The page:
Bristol Bay: Everything in 32-Feet

by

Cummins Vessel Reference #813


Rory Pitsch with the latest 32-footer from Strongback Marine.

For sheer numbers and intensity, it would be hard to imagine anything more driven than Alaska’s annual Bristol Bay sockeye fishery. Rory Pitsch, one of the owners of Strongback Metal Boats, has grown up with the boats being built at his father’s shops and, for several years, as a crewman on a Bristol Bay gillnetter. Both are central to his thoughts when building another gillnet boat at their Sedro Woolley, Washington shop.


A clean and comprehensive dashboard.

One of the ways to control a fisheries effort is to limit the size of the boats that are permitted in that fishery. Alaska has long had a 58-foot limit on their purse seine boats and a 32-foot limit on the Bristol Bay gillnet boats. In both cases, the limit on length has led fishermen to add beam. The 32 by 15 foot 10-inch hull for Strongback’s latest delivery is becoming typical of modern vessels for the fishery.


In a spacious wheelhouse.

It is the careful layout and arrangement of the fishing and living spaces together with the propulsion that really set this boat amongst the top tier in the fleet. The Bristol Bay fishery is a short intense period of five to seven weeks with a few closures for salmon to escape up river. The town of Naknek grows from a population of about 500 people to around 30,000 during the fishing season. So onboard accommodation is important. This new Strongback boat is designed to fit four bunks in the hull and one in the wheelhouse. The forecastle also features a galley with refrigerator, microwave, coffee maker, and sink. It is a bit of a design miracle but attractive and, for exhausted fishermen, plenty comfortable.

Lots of power under the deck with two Cummins QSC8.3 engines 493 HP each at 2600 RPM linked to UltraJet 340 HC.

On the starboard side of the cabin a door opens from the deck. Inside is a heated gear locker that also has a head and shower. On the port side a door leads up a short set of stairs to the wheelhouse or down a similar flight of stairs to the accommodations. Just inside this door are a set of controls for the RSW system that is plumbed to the three fish-holds on each side and one in the center the deck, set amid ships, with a total capacity of about 16,500 pounds of salmon.


32X15?10?X5-feet, design evolved from Nick Dewall of Techno Craft in New Zealand.

In the hull, aft of the fishholds, the engine room contains the refrigeration system and other auxiliary services as well as an impressive power source. A pair of Cummins QSC8.3 liter engines each generating 493 HP at 2600-RPM turn into ZF gears. The gears transfer that massive power to a pair of Ultrajet 340 HT drives. Nearly 1000 HP driving a pair of jet pumps will guarantee some impressive speed with any hull. But the guys at Strongback, having built several of these hulls to this design, speak with confidence about the hulls’ light boat performance and their ability to carry loads. Rory’s dad is the founder of All American Marine and, through that firm, developed an association with the well-known New Zealand designer Nick DeWall of Technicraft. To maintain volume inside the nearly 16-foot beam, the beam at the chine is kept to 14.5-feet wide with only a small twelve-degree dead rise at the stern. At the same time the bow is given enough shape to handle the often-choppy waters of Bristol Bay. Light boat speeds on sea trials were 30 knots.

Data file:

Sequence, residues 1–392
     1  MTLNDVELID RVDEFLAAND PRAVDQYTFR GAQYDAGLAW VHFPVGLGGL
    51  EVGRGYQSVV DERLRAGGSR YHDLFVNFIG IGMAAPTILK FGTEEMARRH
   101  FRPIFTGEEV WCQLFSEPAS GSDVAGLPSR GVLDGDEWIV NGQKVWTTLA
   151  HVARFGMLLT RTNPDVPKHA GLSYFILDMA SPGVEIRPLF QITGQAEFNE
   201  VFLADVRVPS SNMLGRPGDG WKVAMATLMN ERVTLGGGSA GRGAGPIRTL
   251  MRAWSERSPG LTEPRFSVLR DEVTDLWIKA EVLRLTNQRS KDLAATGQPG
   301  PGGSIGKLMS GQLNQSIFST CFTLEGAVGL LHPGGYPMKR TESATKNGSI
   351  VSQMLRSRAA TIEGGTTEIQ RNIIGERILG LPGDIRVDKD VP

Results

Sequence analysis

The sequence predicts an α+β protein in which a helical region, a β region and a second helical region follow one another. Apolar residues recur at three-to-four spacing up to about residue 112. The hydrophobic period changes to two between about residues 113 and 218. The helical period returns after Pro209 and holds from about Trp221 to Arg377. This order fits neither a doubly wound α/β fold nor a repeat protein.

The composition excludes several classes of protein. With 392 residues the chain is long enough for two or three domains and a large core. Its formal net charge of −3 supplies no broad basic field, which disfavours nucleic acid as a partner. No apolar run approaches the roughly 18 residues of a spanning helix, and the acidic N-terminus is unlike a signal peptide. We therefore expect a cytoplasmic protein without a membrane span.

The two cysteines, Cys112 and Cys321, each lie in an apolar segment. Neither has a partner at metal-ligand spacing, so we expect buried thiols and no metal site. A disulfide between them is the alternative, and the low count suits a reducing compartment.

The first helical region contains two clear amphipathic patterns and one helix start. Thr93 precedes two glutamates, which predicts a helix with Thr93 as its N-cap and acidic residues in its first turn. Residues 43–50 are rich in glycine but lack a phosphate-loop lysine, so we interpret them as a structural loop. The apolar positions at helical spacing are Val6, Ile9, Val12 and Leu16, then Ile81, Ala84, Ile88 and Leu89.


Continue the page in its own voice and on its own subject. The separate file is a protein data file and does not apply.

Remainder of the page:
Accommodations for a crew of five.


All in the forecastle of a 32-foot boat.

All of this, accommodation and engine power, is designed to support the boat’s real job of catching fish. A single permit in Bristol Bay allows a fisherman to use a 100-fathom long gillnet. With two permits, the fisherman can add another 50 fathoms to make a 150-fathom net. Either quantity of net could he handled by the 72 by 18-inch hydraulic net drum mounted just aft of the cabin. At the stern, 11-feet from the net drum, a live roller leads over the transom. Fitted with a Warn hub the roller can be set to free wheel, usual when hauling back, or to turn outboard when setting to keep tension on the net and prevent backlashes. The long deck provides room for crews to quickly pick fish from the net while it is coming aboard at the same time as providing space for the fish before they are put into the holds. In heavy fishing, the deck can also handle a sizable deck load while they travel to the tender to offload.



It is still a lot of money for a 32-foot boat like this, but the result is a high performance craft with enough versatility to earn its keep in a variety of roles. It is also a boat that speaks to the demands and the excitement of the Bristol Bay sockeye fishery and to the kind of people who it attracts.


For further information:


Rory Pitsch
Strongback Metal Boats
500 Metcalf St. N3
Sedro Woolley, WA 98284
USA
Phone: 360 296 4519
Mobile: 360 927 4271
E-mail: [email protected]
Web: www.strongbackmetalboats.com

Joe Tobin
Marine Regional Sales Manager
Cummins Sales and Service
1030 SW 34th St., Suite A
Renton, WA 98057
Phone: 425 235 5400 | Extension 3414
Mobile: 425 757 4220
E-mail: [email protected]

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Alan Haig-Brown

Alan Haig-Brown

Over 30 years as an author for global commercial marine and fishing publications backed with hands-on experience on commercial fishing boats and coastal freighters makes Alan Haig-Brown uniquely qualified to provide vessel reference articles for Cummins Marine. You can find him in shipyards around the world, and on his own website, www.haigbrown.com.

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